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Decentralised Solar Payment


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#1 SteamyTea

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Posted 13 March 2016 - 08:13 AM

There was a bit in my comic this week about using bitcoins to trade your solar power.
https://www.newscien...rs-in-new-york/
Now I like the idea of this as it relies on the trading rules being fixed at the start and after than it is autonomous.
It also has full traceability which is a good thing.

What I want to know is, how does it actually work?
Can you issue the coins based on generation i.e. a sunnier year produces more coins than a dull one
Can you limit the life of a coin i.e. you can't 'bank' the coins, just like you can't bank sunlight
How do you stop fraud i.e. how do you know it is solar power and not a diesel generator
How far back can, or should, you be allowed to see each transaction i.e. 1 step either way, or the full history

I am sure there are more questions, but I am feeling a bit sluggish this morning.

#2 cjard

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Posted 14 March 2016 - 02:16 PM

Who pays for the wires?

#3 SteamyTea

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Posted 14 March 2016 - 03:31 PM

I thought that.
I assume the DNO just charges by the MWh for transmission.
So it would be logged as a consumer rather than a generator.
There my be times when the DNO wants more 'local' power and are willing to pay fro that, as well as times they don't want any power and they charge more fro transmission.

#4 DeeJunFan

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Posted 14 March 2016 - 03:45 PM

I think the purpose of this is to remove the DNO, to have a local micro grid which all local houses sell their excess to.

You wont be paid in Bitcoins, its just the most well know use of blockchain technology.

The block chain is basically a ledger held on all nodes of the system that is compared with the ledger of all other nodes to ensure they all match and are accurate. They use crazy cryptography algorithms to make it more difficult to insert fraudulent generation into the system.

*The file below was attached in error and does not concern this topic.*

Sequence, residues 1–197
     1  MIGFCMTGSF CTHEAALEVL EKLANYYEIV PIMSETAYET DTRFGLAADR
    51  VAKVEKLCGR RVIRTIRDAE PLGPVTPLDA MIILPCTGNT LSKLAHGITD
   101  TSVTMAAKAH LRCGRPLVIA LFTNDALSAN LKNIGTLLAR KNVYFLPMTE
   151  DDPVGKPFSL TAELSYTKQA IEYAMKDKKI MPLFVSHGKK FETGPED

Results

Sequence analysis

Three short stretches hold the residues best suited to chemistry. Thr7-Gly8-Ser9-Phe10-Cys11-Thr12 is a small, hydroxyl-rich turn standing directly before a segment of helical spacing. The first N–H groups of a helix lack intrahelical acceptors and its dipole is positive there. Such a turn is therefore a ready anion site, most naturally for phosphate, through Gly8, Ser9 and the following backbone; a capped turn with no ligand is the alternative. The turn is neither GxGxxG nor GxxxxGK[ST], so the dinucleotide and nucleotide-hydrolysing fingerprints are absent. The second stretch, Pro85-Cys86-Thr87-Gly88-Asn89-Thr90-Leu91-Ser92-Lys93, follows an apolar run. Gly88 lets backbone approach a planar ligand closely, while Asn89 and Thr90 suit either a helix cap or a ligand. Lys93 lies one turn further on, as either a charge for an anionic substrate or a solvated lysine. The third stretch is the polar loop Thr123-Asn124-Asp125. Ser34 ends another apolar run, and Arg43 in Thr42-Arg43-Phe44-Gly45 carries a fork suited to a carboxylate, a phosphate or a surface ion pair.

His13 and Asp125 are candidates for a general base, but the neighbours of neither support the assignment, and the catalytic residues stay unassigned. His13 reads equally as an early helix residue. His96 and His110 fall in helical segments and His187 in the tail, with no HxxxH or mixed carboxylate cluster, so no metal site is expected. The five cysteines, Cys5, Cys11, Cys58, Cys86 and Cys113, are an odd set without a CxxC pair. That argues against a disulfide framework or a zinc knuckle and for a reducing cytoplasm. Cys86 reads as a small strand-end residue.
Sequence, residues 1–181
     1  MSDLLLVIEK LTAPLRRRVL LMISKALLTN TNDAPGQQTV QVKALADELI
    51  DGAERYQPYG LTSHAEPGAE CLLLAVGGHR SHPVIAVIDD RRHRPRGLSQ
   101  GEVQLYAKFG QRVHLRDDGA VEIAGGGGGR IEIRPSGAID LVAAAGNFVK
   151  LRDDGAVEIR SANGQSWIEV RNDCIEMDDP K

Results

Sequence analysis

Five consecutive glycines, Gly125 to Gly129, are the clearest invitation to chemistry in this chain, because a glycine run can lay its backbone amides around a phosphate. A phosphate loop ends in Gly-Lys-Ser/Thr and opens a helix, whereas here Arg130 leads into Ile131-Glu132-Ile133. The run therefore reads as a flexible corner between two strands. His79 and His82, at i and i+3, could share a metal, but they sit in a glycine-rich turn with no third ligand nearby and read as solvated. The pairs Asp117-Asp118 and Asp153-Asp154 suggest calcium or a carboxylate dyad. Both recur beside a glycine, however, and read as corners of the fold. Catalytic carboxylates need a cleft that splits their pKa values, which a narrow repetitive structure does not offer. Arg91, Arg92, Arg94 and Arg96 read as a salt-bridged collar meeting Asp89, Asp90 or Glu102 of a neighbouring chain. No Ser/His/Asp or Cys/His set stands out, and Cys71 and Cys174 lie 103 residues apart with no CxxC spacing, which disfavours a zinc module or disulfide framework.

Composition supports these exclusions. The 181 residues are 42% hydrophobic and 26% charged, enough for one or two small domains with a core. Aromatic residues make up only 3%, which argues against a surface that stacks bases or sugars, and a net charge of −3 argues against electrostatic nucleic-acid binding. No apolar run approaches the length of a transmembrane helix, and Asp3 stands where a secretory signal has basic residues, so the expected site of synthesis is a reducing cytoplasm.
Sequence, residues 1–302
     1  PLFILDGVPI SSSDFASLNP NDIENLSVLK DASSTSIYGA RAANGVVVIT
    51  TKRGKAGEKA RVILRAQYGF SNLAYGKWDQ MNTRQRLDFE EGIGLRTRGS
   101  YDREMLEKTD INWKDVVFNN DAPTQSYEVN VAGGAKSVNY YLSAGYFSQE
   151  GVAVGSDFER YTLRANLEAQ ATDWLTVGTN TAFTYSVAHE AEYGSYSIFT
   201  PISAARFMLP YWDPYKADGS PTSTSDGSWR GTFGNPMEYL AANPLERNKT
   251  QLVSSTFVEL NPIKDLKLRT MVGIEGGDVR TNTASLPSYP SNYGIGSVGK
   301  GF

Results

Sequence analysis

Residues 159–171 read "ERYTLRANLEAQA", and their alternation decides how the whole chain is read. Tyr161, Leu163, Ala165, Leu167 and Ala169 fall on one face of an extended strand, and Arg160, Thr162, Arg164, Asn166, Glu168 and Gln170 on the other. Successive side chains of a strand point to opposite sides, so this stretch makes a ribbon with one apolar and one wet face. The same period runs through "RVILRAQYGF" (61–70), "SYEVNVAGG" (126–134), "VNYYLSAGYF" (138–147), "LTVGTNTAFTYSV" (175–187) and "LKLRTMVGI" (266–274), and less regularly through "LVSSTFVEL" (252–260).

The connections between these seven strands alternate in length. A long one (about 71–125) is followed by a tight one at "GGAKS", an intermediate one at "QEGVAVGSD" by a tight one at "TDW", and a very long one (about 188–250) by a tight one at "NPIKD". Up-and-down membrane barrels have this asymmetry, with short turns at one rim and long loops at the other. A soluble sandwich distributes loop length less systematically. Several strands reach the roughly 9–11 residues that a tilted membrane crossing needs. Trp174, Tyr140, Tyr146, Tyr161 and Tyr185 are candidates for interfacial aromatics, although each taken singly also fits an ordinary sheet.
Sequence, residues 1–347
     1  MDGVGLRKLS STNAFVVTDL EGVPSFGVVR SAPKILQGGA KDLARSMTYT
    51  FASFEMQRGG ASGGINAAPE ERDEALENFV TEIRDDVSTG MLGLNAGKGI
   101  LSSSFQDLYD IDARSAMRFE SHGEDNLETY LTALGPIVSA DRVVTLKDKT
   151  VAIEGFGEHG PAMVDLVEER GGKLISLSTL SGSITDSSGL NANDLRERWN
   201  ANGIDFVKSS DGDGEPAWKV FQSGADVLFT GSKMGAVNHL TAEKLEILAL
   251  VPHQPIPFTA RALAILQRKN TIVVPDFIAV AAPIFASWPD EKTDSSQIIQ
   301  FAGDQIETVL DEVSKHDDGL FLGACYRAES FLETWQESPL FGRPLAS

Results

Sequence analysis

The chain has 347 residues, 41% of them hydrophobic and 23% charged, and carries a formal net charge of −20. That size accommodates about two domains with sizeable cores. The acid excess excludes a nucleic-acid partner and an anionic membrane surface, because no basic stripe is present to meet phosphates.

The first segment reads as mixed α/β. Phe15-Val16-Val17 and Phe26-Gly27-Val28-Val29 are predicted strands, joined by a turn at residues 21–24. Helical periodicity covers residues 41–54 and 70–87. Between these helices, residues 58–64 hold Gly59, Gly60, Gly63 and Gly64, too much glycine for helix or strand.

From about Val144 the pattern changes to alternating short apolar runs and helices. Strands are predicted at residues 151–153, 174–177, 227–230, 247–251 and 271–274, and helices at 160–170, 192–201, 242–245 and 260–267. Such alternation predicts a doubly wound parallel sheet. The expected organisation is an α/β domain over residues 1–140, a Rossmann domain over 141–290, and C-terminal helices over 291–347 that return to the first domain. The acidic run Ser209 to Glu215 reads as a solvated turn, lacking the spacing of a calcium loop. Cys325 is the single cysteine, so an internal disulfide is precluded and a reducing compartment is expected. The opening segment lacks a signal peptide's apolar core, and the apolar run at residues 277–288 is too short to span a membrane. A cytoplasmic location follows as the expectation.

They gloss over most of the key details such as the infrastructure (who pays who for that) and also the payment system (how you get paid for what you sell)

Its a system that could work. I think its more likely to take hold somewhere like America where off grid living is more common.

Its hard to translate the Bitcoin model to the energy model as energy is an actual commodity where as paying a bank just for the pleasure of touching your own money was always ripe for replacement.

#5 SteamyTea

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Posted 14 March 2016 - 03:53 PM

How fast does the block chain ledger update?
That seems to be the important part when trading energy in real time. It would not be much good if it was too delayed, though as it is just an accounting system it could be a few hours. I suppose there is no reason, as long as everyone agrees (what contracts are for) that the billing is after the delivery period.

I would have thought that it is more useful for grid connection rather than off grid, or do you mean off grid communities rather than stand alone? i.e. one house, one PV system.

Edited by SteamyTea, 14 March 2016 - 03:54 PM.


#6 DeeJunFan

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Posted 14 March 2016 - 03:58 PM

The ledger update should be near to instantaneous.

There are holes in the system if you look up thinks like bit coin miners you can see some people with a lot of computing power are trying to fraud the system.

Yeah thinking more off grid communities than single dwellings.

#7 notnickclegg

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Posted 14 March 2016 - 04:06 PM

View PostDeeJunFan, on 14 March 2016 - 03:58 PM, said:

... bit coin miners you can see some people with a lot of computing power are trying to fraud the system.

Bitcoin mining isn't fraud though. It's the mechanism by which bitcoins initially come into being.

I believe the only way to commit fraud (short of cracking data repositories that store bitcoin info) is to take control of 50% of the value of all issued coins, which gives you the ability to change the blockchain to reflect an incorrect reality. The obvious thing to do would be to make you the owner of more bitcoins by amending entries in the blockchain.

The above could well be VERY inaccurate!

Jack

#8 SteamyTea

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Posted 14 March 2016 - 05:00 PM

Not really about bitcoins, it is about decentralising billing for micro-generators.

Instead of a bitcoin, it would be a kWh (multiple or fraction of) and the 'mining' is the generation.
Fraud would come in if someone just connected it to the mains, but if the value was always lower than mains electric, then there is no incentive to do that.

In a way it was what smart metering is hoping to achieve, just via a third party (which may have several steps along the chain).